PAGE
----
KEARNEY — With a clipboard in hand, Zully Harwood stood inside the door at the Salvation Army Wednesday afternoon to welcome people who suffered losses in the July 9 flood.

It was the first of three Multi-Agency Resource Center sessions held to answer questions, let flood victims know what help is available and sign them up for any disaster relief they may be eligible for. Sessions were coordinated by Buffalo County Emergency Management.

Sessions will be repeated noon-7 p.m. today in Lexington and noon-7 p.m. Friday at the Nebraskan Student Union at the University of Nebraska at Kearney.

Experts estimate that 400 Kearney homes were damaged by the flood, and many more were affected beyond city limits.

Wednesday’s event began at noon, but people began sprinkling in at 11 a.m. At times, lines formed as Harwood, who works for the Community Action Partnership of Mid-Nebraska, wrote down their names and addresses and the type of help they needed. Based on their needs, she then directed them to tables staffed by people from 16 non-profits, businesses or other sources of help.

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Sandra Karsten, owner of Karsten Floors at 104 Landon St., sat down with Joe Schutt, executive director of Holy Cross Lutheran Church and a representative for Orphan Grain Train. Karsten, who had no flood insurance, lost $10,000 worth of carpet and more.

Schutt, regretfully, told her his non-profit assisted only homeowners, not businesses. He explained that Orphan Grain Train works with Mead Lumber to pay for up to 25 sheets of drywall. OGT also will repair or replace furnaces and water heaters, or pay up to $1,200 toward those costs.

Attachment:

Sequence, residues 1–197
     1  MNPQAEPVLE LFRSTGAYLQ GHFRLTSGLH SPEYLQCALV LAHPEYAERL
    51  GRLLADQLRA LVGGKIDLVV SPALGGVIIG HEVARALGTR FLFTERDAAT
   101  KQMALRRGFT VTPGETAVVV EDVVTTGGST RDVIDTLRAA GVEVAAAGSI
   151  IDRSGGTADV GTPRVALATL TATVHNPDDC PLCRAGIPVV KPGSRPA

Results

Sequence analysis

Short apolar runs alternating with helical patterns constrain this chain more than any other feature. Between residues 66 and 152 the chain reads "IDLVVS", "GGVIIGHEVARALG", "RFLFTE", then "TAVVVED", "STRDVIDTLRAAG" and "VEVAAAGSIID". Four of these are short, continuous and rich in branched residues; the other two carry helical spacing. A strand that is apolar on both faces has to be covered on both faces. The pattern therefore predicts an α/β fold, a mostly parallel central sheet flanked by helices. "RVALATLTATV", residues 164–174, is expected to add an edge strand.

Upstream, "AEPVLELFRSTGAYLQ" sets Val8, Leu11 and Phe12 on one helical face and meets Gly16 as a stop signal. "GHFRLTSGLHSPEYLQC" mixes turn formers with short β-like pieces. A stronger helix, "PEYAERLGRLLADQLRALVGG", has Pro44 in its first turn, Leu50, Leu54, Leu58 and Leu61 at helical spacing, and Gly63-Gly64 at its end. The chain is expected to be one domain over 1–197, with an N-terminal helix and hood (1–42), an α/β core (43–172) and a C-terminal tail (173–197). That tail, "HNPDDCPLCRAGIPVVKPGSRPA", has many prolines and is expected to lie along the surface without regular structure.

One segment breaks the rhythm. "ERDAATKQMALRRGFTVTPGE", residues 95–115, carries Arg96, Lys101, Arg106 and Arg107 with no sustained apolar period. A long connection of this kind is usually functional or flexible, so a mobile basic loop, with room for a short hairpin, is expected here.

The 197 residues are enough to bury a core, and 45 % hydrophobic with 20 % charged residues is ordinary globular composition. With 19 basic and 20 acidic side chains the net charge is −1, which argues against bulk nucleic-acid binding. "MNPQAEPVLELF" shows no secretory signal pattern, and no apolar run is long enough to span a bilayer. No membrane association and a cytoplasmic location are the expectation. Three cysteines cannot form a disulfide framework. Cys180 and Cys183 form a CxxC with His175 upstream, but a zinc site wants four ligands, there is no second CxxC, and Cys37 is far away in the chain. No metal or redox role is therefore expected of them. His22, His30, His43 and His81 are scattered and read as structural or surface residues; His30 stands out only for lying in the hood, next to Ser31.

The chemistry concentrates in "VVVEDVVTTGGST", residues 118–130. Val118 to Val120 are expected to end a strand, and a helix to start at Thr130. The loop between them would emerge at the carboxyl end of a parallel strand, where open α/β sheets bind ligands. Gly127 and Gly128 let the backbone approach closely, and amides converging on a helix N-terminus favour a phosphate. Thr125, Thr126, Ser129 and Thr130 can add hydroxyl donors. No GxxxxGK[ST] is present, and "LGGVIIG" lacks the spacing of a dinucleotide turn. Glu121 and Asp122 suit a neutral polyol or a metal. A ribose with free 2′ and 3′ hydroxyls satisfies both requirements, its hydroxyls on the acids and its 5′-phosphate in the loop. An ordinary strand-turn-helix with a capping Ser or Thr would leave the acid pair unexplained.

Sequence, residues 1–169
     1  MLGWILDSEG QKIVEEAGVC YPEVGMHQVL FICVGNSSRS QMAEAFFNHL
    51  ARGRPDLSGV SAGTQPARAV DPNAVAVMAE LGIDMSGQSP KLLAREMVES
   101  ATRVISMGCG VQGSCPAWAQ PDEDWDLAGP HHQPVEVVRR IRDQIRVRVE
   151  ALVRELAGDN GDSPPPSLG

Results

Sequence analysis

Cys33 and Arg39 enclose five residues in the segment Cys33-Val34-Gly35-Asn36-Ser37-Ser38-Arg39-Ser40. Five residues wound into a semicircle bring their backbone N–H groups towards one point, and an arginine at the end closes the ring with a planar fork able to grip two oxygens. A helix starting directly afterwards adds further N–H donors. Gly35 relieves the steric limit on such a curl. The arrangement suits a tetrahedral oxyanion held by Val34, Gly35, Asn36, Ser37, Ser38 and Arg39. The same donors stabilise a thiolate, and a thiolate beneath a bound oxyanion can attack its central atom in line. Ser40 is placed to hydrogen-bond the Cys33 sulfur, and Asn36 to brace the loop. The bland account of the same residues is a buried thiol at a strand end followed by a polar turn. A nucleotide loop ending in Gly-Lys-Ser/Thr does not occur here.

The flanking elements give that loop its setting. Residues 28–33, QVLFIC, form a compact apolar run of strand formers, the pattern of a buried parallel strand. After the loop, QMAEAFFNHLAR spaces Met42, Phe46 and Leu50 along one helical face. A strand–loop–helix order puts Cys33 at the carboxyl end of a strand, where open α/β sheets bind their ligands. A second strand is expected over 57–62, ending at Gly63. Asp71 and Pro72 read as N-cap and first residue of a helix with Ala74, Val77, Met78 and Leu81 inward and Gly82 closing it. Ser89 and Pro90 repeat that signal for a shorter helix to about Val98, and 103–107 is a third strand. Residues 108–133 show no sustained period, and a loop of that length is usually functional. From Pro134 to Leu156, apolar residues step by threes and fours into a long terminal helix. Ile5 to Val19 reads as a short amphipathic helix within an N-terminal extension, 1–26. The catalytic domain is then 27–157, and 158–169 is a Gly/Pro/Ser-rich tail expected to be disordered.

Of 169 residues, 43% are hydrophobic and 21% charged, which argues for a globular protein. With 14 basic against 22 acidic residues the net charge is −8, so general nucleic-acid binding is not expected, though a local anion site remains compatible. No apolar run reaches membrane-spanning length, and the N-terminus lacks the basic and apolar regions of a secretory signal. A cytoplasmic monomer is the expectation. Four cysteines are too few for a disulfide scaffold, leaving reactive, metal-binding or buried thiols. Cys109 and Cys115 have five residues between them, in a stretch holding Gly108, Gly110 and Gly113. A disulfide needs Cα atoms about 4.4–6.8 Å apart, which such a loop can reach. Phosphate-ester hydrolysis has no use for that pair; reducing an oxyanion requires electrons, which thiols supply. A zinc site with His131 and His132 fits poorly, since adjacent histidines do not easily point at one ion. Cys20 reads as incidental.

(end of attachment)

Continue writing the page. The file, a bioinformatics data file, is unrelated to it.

Karsten said her business filled three dump trucks and a large utility trailer with flooded carpet, drywall and more. “We had a lot of loss, but at least it wasn’t loss of life. It’s fixable,” she said. “I know nobody can help me, but there was no harm in asking.”

Janette Payne, a member of Calvary Baptist Church at 322 W. 22nd St., came representing the Kansas Nebraska Convention of Southern Baptist Disaster Relief. That agency will, at no charge, muck out basements and do other tasks to get a damaged home ready to be rebuilt. There are no income guidelines.

By 2 p.m. Payne had 10 people interested in the KNCRSDR services. “We work with volunteers, so we can’t guarantee when we’ll come,” she said, adding, “I’m finding that many people here have already done the cleanup, but they have not sprayed for mold.” She was distributing cans of Shockwave, which inhibits the growth of mold. “It’s more effective than bleach and it doesn’t smell like chlorine,” she said.

Community Action Partnership of Mid-Nebraska had staffers at three tables, including Sara Frias and Jean Harms. Frias is quality assurance coordinator. Harms is a community services coordinator. They had information on furnace repairs or replacements for flood victims who fell within income guidelines.

Kerry Oliva, also of CAPMN, reminded people to take detailed photos of flood damage, and keep every receipt for repairs or items purchased for repairs. “If people didn’t take pictures or keep receipts, it may be hard to get reimbursed, if they qualify,” she said.

Nikki Erickson, executive director of United Way of the Kearney Area, was spreading the word about the Dobytown Kiwanis Club’s Back-2-School backpack program, which is supported by United Way. It provides free backpacks and school supplies for underprivileged children each August, and the deadline to sign up is Friday. Erickson wanted to be sure that eligible residents, especially those affected by flooding, were signed up.

Meanwhile, people kept streaming in. All ages came, from babies to rambunctious children to teenagers to young parents to a few people with walkers or wheelchairs.

Hot Meals USA provided free hamburgers, hot dogs and potato chips, thanks to the generosity of Heartland Bank. Fresh sweet corn was available in the evening.

“I see everything,” Harwood said, when, for a brief period, the lines thinned out. She is bilingual and was able to assist the Spanish-speaking people who came in seeking help.

“I feel so bad for these people,” she said. “For many of them, this is the second time they’re registering for assistance. They suffered damage in March, too. At the same time, I’m seeing that Kearney does all it can to help people in need.”